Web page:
Second, DePhillips trained and oversaw the Fund claims adjusters. She trained them on "not just how to use the system but how to adjust claims, how to look at the plan and apply those — what the plan rules [sic] or how to apply it to a claim." (Pl.'s 56.1 Statement, ¶ 28, Ex. D (DePhillips Dep., pp. 84-85).) Page 4 DePhillips would decide when adjusters were competent to process claims without her help, and she would assist in processing claims when there was a backlog.

  Finally, and at the heart of this dispute, DePhillips was responsible for monitoring and maintaining various Fund contracts. One such contract was the Group Medical Specific Excess Risk Agreement which the Fund maintained with Bankers Life and Casualty Company ("the Stop-Loss Policy" or "the Policy"). By the Policy's terms, Bankers Life agreed, inter alia, to reimburse the Fund for certain medical expenses in excess of $150,000 incurred by a Fund participant in one calendar year ("the Stop-Loss threshold") and paid by the Fund by the end of the next calendar year ("the Agreement Period"). Under the Policy, the Fund was required to provide notice to Bankers Life of any Stop-Loss claims within ninety days of the end of the Agreement Period.

  In 1996, three Fund participants incurred covered medical expenses exceeding $150,000 which were paid by the Fund on or before December 31, 1997: $213,107.84 for James Flynn, $34,063.23 for Maria DeJesus, and $146,418.23 for Christine Angelos. In 1997, two Fund participants incurred covered medical expenses, again exceeding $150,000, and paid by the Fund on or before December 31, 1998: $112, 234.42 for Jeffrey Holzkampf, and $232,846.61 for Delton Robbins.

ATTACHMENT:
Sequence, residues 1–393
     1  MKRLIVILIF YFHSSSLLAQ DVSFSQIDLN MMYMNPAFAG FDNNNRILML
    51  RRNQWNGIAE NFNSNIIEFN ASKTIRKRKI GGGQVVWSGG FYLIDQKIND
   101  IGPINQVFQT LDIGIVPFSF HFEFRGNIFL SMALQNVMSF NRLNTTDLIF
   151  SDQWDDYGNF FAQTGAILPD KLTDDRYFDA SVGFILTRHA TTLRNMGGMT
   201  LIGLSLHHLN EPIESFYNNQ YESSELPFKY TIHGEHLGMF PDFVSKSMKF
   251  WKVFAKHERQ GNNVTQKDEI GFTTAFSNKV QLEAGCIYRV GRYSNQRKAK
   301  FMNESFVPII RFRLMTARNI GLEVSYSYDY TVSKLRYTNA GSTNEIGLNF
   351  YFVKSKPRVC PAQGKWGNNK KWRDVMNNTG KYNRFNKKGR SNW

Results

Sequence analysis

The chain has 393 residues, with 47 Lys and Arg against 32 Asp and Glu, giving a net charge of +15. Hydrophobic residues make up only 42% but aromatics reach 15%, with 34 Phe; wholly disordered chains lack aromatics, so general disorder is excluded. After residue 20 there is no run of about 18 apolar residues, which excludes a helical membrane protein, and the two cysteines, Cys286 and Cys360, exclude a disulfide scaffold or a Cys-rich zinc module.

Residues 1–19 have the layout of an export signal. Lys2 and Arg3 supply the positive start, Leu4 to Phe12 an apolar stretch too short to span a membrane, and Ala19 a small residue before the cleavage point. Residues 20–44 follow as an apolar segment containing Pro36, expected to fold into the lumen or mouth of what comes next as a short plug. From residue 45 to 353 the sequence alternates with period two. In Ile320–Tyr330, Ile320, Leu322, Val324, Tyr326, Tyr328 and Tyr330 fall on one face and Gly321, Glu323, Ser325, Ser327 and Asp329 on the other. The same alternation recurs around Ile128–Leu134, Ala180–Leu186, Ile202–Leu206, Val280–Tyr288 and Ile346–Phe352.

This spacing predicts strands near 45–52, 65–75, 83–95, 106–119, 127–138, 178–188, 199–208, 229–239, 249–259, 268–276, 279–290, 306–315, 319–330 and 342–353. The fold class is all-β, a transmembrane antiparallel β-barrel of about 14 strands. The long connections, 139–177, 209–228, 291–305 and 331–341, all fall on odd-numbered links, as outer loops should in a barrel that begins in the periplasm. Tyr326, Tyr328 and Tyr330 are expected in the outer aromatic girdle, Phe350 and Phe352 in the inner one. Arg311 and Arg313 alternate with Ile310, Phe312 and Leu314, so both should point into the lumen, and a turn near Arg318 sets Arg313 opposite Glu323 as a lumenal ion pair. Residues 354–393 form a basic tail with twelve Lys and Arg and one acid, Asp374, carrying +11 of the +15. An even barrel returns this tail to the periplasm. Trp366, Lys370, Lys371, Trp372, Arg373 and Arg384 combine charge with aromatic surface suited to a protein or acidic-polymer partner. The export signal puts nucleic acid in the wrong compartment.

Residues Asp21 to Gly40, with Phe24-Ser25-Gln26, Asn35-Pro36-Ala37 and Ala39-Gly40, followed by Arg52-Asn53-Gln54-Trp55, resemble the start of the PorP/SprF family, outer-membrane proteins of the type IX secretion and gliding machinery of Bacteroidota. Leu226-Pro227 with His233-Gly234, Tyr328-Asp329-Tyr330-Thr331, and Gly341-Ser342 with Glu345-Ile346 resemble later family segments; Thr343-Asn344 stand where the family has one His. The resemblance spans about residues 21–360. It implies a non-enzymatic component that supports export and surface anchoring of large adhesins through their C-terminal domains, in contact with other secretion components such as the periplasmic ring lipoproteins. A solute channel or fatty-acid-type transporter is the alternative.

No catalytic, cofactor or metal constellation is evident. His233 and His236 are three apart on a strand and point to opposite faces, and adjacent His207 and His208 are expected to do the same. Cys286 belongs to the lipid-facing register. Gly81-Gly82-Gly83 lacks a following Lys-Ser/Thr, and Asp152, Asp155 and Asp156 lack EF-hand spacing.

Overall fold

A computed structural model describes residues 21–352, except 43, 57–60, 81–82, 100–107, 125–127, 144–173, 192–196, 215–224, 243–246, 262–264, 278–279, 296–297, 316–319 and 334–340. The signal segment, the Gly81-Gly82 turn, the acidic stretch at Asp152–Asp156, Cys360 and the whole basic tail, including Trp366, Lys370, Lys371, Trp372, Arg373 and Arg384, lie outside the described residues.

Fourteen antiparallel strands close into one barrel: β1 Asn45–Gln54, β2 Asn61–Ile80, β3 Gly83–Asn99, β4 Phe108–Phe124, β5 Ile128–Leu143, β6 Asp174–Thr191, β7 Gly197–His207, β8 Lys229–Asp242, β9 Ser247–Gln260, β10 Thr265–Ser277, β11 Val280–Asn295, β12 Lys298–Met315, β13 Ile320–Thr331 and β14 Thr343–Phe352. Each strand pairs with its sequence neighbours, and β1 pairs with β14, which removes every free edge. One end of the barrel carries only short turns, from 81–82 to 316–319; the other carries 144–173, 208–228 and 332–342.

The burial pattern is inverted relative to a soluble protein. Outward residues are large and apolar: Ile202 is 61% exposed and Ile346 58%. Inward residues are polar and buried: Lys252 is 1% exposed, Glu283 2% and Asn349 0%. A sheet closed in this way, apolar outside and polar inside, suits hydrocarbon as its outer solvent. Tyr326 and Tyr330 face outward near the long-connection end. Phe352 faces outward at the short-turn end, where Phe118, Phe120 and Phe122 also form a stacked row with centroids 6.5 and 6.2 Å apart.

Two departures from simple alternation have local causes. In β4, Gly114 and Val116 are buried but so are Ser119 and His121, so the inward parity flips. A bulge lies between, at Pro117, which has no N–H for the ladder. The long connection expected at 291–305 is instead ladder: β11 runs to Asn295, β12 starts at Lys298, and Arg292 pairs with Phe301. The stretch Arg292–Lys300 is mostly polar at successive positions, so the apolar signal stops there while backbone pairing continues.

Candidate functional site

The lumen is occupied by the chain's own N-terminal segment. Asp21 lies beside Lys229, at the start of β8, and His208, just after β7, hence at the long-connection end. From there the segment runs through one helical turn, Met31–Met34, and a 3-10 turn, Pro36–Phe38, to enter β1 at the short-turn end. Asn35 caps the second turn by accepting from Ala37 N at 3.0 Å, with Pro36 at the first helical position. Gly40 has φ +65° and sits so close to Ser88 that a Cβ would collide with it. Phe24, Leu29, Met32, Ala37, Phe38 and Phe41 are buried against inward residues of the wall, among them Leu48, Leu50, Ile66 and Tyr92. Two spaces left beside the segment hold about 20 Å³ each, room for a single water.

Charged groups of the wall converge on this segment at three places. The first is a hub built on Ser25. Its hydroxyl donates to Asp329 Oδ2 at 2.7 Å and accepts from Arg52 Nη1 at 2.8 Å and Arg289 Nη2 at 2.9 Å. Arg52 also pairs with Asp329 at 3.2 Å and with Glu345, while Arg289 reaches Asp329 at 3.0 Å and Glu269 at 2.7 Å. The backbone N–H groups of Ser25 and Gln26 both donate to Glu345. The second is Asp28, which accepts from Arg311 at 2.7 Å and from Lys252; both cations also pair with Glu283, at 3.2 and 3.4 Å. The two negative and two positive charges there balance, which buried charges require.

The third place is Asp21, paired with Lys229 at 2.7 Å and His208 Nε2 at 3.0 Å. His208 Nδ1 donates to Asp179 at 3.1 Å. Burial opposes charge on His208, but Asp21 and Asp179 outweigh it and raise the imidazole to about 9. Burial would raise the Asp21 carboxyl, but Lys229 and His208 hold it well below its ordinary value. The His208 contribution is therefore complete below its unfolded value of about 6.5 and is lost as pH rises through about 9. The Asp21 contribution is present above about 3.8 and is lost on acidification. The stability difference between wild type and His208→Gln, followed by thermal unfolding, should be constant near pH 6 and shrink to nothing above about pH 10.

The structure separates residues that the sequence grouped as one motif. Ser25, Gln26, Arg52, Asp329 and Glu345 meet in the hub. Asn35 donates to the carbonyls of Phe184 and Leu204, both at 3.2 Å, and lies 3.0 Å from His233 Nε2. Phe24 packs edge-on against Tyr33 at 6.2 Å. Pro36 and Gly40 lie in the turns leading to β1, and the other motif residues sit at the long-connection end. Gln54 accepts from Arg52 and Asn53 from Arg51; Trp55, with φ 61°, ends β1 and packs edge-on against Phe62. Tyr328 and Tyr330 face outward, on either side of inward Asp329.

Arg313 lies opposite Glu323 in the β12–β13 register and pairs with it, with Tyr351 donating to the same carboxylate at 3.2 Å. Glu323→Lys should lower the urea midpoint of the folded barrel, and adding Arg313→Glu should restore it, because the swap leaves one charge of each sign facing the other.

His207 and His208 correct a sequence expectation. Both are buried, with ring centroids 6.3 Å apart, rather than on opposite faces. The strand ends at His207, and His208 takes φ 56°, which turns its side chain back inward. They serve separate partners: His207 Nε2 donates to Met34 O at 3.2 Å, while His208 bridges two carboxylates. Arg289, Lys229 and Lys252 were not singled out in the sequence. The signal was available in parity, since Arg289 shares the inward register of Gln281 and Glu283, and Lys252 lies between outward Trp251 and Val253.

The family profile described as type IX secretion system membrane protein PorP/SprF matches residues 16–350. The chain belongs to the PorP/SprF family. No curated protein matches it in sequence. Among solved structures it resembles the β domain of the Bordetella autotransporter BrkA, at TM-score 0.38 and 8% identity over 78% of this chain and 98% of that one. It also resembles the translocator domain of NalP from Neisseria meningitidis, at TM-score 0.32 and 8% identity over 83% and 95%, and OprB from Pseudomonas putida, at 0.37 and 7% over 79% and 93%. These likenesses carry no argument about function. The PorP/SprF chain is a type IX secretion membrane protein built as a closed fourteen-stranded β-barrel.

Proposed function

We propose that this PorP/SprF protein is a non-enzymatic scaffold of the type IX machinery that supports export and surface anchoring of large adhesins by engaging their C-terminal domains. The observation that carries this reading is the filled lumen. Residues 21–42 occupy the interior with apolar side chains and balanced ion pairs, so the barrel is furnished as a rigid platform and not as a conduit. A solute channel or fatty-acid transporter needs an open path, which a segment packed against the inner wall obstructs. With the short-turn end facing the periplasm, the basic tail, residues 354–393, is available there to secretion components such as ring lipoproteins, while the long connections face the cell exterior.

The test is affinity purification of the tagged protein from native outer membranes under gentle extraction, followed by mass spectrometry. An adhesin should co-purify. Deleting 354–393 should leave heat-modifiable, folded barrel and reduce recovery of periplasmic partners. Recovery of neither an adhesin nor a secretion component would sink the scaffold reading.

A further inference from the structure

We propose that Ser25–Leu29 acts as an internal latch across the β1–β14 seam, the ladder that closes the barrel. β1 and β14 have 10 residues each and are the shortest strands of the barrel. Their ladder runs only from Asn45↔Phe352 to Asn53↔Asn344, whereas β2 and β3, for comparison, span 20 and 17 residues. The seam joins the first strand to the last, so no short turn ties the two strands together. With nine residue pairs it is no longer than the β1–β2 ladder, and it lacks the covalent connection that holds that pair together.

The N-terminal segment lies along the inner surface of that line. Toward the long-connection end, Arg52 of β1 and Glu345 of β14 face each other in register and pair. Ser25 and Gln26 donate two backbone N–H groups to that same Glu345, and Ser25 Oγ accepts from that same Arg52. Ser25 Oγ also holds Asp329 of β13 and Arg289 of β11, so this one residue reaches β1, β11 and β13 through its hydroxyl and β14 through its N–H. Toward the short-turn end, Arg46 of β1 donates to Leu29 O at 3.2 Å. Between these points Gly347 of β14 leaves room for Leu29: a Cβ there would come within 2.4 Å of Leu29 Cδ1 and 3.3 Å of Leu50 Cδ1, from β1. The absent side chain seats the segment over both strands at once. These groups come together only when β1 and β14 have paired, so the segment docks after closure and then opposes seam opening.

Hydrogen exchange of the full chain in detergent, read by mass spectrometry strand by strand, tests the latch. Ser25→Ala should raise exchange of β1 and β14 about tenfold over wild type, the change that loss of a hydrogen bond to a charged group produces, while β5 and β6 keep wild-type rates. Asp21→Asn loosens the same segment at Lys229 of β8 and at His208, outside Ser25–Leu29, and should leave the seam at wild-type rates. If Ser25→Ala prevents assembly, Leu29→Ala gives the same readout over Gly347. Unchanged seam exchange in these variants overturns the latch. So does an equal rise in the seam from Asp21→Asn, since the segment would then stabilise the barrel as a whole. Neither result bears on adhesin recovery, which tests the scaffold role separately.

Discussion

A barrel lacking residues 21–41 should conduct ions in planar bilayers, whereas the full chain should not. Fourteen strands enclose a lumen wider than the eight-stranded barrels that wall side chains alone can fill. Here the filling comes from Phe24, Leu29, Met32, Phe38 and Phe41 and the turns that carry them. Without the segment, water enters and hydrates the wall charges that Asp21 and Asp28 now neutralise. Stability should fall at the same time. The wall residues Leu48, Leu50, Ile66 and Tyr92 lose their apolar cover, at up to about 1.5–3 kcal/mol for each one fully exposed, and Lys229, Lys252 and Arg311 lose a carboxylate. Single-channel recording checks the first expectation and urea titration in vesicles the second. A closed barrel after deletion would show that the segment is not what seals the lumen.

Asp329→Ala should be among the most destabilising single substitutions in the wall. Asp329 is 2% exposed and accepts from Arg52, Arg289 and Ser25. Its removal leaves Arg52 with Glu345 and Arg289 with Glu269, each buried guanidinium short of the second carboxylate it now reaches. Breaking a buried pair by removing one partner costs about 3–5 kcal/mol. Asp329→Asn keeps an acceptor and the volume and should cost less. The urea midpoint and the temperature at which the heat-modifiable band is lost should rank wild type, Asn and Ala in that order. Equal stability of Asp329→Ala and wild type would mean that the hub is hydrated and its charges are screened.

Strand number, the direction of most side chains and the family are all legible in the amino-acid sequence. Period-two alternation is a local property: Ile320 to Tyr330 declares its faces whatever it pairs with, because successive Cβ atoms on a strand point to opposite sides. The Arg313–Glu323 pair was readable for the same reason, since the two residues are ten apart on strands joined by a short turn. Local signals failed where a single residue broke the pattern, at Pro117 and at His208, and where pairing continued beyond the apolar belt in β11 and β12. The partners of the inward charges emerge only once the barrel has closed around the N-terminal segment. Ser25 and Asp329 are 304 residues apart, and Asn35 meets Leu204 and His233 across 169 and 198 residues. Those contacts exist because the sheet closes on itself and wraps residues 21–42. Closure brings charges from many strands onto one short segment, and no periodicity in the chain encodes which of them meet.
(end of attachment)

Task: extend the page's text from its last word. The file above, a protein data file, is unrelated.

The Fund never submitted Stop-Loss claims to Bankers Life Page 5 for any of these individuals. The parties agree that the unsubmitted claims totaled $732, 293.70.*fn1 It is undisputed that DePhillips was responsible for submitting the Stop-Loss claims, but, in an interrogatory response, she maintains that she was never given the requisite information from the claims adjusters to do so:
[I]t was the responsibility of the claims adjusters employed by the Fund to notify DePhillips once a Stop-Loss threshold was reached by an individual member. As claims were paid, the claims adjusters were able to review the aggregate amount of money paid out towards the patient's life-time maximum on the computer screen. Once the Stop-Loss limit was reached, paper copies of that individual's claims should have been pulled from the "claims batches", a copy of that patient's Explanation of Benefits letter for each claim should have been printed, and all of those documents should have been photocopied for submission to Banker's Life, along with a Banker's Life claims form. Copies of all photocopied information and the completed claim form should have been provided by the claims adjusters to DePhillips for follow-up.
  (Def's. 56.1 Statement, ¶ 10, Ex. C (DePhillips Interrogatory Answer No. 11).)

  DePhillips testified at her deposition that she could not recall any procedures used by the adjusters to monitor for potential Stop-Loss claims. She further testified that she did not Page 6 remember ever having any conversations with any adjusters regarding the Stop-Loss Policy.

  Lastly with respect to the Policy, Anderson presents the minutes of a June 12, 1996 Board meeting, taken by DePhillips herself, which reflect that she was explicitly told by the Fund's attorney to notify Bankers Life, in anticipation of a potential Stop-Loss ...